Descendants of key players from the Scottish and English armies at Flodden will gather on the border battlefield 500 years and a day after the conflict.
England’s successful commander, the Earl of Surrey, will be represented by the Duke of Norfolk, while the current Earl of Home will represent the 16th-century head of the Home family who played a controversial role in Scotland’s defeat.
The September 10 service is being described as a solemn commemoration of peace and reconciliation. It is open to all and includes an address by Judy Steel who has carried out extensive research into the battle which claimed between 10,000 and 15,000 lives.
The dead included King James IV and much of Scotland nobility and leading clergymen. Both Northumbrian and Scottish pipes will be played at the service, and a lone Scottish piper will sound the Flowers o’ the Forest, a lament associated with Flodden and traditionally performed as an act of remembrance.
The Reverend Rob Kelsey of Norham Church and priest-in-charge of Branxton Church said: “We are seeking to honour those who died on both sides of the conflict. The battle left a lasting legacy and especially so north of the border. Part of the point of this Solemn Commemoration is to raise awareness as well as build bridges and work together towards a better future. This is a truly cross-border commemoration.”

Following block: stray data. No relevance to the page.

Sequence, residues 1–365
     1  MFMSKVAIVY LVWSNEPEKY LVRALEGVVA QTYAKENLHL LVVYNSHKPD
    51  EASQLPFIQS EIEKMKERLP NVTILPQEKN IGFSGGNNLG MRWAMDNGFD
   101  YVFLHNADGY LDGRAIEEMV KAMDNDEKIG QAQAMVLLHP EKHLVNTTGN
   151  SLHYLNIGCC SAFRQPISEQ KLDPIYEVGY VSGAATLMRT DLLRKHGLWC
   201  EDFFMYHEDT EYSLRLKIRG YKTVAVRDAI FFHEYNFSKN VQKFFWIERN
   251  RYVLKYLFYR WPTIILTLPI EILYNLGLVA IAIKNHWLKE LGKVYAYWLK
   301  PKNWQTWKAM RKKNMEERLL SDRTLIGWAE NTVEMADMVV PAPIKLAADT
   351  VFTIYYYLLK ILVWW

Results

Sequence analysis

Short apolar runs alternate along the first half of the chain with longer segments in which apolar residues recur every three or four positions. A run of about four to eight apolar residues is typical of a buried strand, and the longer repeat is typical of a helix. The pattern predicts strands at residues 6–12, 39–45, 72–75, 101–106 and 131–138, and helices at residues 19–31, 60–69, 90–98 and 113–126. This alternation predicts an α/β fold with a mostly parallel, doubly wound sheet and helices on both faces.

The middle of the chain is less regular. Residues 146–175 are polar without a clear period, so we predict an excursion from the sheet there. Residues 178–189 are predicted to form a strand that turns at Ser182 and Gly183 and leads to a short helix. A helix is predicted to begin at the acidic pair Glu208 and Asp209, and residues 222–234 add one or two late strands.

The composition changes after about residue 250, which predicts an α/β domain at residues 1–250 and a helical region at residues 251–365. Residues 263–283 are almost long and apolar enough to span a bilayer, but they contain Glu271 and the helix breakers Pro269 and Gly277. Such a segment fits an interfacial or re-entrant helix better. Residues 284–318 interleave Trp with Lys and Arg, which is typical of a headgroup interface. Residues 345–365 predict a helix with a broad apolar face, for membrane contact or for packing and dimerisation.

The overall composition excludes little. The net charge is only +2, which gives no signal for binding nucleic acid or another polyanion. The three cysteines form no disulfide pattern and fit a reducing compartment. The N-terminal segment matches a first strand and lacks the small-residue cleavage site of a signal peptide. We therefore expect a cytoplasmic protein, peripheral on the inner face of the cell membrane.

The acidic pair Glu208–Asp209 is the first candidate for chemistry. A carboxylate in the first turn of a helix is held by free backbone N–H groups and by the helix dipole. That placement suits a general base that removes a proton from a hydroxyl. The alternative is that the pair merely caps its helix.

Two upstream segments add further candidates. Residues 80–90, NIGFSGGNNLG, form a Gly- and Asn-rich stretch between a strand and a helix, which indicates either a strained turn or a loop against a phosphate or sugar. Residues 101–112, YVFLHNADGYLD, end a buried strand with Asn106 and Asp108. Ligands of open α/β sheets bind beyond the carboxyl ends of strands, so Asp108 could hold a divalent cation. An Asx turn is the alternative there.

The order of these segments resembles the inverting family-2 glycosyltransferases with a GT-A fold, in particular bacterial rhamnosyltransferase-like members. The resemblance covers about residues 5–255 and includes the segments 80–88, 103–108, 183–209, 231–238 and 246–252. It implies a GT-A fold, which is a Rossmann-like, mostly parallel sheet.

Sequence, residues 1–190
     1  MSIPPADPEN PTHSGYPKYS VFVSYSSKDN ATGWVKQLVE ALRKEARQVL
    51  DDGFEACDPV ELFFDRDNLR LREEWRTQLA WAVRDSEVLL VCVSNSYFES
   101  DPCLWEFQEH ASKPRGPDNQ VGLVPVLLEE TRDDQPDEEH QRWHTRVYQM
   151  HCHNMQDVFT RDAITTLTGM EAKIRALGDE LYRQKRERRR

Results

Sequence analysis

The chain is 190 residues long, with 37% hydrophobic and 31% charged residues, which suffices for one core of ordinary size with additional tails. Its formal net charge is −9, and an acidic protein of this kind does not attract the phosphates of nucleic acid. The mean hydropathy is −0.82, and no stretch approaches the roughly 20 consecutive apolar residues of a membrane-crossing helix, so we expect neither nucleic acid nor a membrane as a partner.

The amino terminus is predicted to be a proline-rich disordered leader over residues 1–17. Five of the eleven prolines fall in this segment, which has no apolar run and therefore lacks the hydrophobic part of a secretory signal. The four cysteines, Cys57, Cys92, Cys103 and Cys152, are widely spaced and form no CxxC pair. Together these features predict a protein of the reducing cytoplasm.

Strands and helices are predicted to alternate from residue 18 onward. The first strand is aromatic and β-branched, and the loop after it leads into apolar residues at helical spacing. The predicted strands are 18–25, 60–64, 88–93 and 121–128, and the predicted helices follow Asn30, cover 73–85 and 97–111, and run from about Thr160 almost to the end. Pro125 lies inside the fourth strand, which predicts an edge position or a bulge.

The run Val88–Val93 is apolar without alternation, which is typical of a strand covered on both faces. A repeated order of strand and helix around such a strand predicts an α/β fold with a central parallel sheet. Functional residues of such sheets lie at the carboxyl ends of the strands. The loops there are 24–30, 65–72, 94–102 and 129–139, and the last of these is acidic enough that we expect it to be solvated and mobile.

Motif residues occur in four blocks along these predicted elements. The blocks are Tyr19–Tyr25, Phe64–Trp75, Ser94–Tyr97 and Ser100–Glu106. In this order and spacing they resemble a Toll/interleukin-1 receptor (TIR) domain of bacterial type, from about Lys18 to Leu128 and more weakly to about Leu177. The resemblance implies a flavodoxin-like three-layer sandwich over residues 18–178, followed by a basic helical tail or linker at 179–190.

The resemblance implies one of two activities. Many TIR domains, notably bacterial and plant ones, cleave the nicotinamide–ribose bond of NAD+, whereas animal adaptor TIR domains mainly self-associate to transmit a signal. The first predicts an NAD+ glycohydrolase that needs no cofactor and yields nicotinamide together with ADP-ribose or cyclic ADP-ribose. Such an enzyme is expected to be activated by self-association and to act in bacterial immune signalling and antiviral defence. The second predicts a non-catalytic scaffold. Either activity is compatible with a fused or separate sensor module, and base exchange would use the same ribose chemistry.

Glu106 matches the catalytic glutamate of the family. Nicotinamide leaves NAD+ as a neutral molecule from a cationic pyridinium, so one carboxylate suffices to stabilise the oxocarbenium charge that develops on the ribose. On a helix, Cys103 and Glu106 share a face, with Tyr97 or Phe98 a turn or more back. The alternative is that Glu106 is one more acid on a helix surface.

The Reverend David Taverner of Coldstream Parish Church said: “The aim is to mark the anniversary of a very important battle in an appropriate way, and in such a way that will be relevant to the 21st century. It is about bringing people together in understanding, as opposed to keeping them apart.”
The service will be held in a marquee at the eastern end of Branxton at 2.30pm.
Clergy from the main Christian denominations will also be at the service, including the Moderator of the General Assembly of the Church of Scotland, the Anglican Bishop of Newcastle, the Roman Catholic Bishop of Hexham and Newcastle, the president of the Baptist Union of Great Britain, and senior representatives from the Methodist and United Reformed churches. The Dean of Durham Cathedral will represent the Bishop of Durham.